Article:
Should apes be treated like people?
Under a resolution headed for passage in the Spanish parliament, respecting the personal rights of "our non-human brothers" won't just be a good idea. It'll be the law.
The resolution, approved last week by a parliamentary committee with broad support, urges the government to implement the agenda of the Great Ape Project, an organization whose founding declaration says apes "may not be killed" or "arbitrarily deprived of their liberty." No more routine confinement. According to Reuters, the proposal would commit the government to ending involuntary use of apes in circuses, TV ads, and dangerous experiments.
Proponents hail the resolution as the first crack in the "species barrier." Peter Singer, the philosopher who co-founded GAP, puts it this way: "There is no sound moral reason why possession of basic rights should be limited to members of a particular species." If aliens or monkeys are shown to have moral or intellectual abilities similar to ours, we should treat them like people.
He's right. To borrow Martin Luther King's rule, you should be judged by what's inside you, not by what's on the surface.
Can apes talk? Slate V investigates:
If the idea of treating chimps like people freaks you out, join the club. Creationists have been fighting this battle for a long time. They realized long ago that evolution threatened humanity's special status. Maybe you thought all this evolution stuff was just about the past. Surprise! Once you've admitted chimps are your relatives, you have to think about treating them that way. That's why, when the Spanish proposal won approval last week, GAP's leader in Spain called it a victory for "our evolutionary comrades."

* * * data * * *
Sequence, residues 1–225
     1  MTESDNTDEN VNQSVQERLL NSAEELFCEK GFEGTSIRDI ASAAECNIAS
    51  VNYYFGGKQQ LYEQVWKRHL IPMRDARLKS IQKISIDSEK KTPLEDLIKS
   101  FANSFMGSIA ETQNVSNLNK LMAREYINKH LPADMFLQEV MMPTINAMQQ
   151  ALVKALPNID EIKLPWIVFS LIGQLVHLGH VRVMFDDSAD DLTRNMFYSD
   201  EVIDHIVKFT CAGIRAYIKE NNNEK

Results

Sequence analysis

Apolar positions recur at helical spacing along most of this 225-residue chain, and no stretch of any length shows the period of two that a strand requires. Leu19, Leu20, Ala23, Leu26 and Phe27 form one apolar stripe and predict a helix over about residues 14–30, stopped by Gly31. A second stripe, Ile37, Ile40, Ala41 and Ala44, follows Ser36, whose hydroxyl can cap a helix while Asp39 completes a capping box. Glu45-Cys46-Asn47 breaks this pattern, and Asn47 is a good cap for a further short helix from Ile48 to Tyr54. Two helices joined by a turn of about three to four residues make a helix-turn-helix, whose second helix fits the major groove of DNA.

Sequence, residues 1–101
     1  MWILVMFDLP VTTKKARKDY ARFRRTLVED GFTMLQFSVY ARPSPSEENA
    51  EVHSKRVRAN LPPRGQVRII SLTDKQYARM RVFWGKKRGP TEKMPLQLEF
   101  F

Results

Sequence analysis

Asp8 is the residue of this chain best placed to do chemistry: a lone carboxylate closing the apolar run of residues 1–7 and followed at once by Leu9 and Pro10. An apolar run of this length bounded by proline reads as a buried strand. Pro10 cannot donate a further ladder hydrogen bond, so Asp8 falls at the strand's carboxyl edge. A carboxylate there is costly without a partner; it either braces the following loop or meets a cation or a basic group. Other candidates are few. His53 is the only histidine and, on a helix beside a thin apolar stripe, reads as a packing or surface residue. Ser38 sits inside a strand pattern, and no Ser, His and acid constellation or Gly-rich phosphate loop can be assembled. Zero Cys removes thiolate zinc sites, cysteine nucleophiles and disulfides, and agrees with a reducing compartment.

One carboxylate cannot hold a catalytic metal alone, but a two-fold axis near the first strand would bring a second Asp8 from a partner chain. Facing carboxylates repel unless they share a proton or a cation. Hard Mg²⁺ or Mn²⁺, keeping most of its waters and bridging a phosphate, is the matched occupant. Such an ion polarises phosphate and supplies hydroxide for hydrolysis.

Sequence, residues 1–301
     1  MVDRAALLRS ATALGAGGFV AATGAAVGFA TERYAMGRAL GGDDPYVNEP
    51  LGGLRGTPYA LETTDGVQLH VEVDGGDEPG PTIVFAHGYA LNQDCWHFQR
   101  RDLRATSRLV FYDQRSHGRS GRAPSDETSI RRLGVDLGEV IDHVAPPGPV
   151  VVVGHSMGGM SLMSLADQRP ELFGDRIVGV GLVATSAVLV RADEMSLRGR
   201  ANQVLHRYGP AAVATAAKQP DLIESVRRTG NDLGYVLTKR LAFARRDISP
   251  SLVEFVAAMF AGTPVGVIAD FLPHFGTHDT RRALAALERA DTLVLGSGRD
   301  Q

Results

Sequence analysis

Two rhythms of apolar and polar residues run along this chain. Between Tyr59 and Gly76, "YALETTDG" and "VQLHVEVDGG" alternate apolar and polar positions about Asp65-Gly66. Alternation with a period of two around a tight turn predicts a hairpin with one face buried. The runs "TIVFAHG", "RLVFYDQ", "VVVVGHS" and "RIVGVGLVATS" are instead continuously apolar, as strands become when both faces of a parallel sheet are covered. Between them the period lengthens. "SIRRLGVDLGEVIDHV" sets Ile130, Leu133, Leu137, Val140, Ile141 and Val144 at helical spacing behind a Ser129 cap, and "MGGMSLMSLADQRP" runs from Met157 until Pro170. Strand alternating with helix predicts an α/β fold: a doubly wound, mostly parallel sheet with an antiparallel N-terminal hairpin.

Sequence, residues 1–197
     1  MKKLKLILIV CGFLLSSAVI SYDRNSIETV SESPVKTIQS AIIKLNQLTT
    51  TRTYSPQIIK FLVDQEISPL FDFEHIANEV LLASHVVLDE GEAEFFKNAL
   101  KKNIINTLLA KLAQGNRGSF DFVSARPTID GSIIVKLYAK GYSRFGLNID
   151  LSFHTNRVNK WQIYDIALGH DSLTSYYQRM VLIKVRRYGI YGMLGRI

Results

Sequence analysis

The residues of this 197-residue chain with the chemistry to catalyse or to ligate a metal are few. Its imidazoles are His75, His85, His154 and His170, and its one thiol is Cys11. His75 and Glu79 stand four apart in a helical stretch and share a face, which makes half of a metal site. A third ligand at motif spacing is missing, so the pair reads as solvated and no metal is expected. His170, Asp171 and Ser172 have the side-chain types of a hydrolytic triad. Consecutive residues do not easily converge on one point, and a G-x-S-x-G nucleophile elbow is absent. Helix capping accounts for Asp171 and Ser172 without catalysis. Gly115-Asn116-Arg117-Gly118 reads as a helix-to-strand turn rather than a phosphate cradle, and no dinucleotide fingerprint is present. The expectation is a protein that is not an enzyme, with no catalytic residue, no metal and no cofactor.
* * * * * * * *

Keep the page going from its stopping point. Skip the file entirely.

Opponents view the resolution as egalitarian extremism. Spain's conservative party frets that it would grant animals the same rights as people. Spanish newspapers and citizens complain that ape rights are distracting lawmakers from human problems. Wesley Smith, my favorite anti-animal-rights blogger, sees the resolution as the first step in a campaign to "elevate all mammals to moral equality with humans." Ultimately, Smith warns, "Animal rights activists believe a rat, is a pig, is a dog, is a boy."
You can certainly find that theme in some quarters. GAP calls humans, chimps, bonobos, gorillas, and orangutans "members of the community of equals," and Singer holds out the possibility that GAP "may pave the way for the extension of rights to all primates, or all mammals, or all animals." But the arguments GAP has deployed in Spain don't advance the idea of equality among animals. They destroy it.
GAP is scientifically honest. And science doesn't show mental parity between great apes and human adults. What it shows, as the group's president acknowledges, is that great apes "experience an emotional and intellectual conscience similar to that of human children." Accordingly, the Spanish proposal doesn't treat apes like you or me. It treats them like "humans of limited capacity, such as children or those who are mentally incompetent and are afforded guardians or caretakers to represent their interests."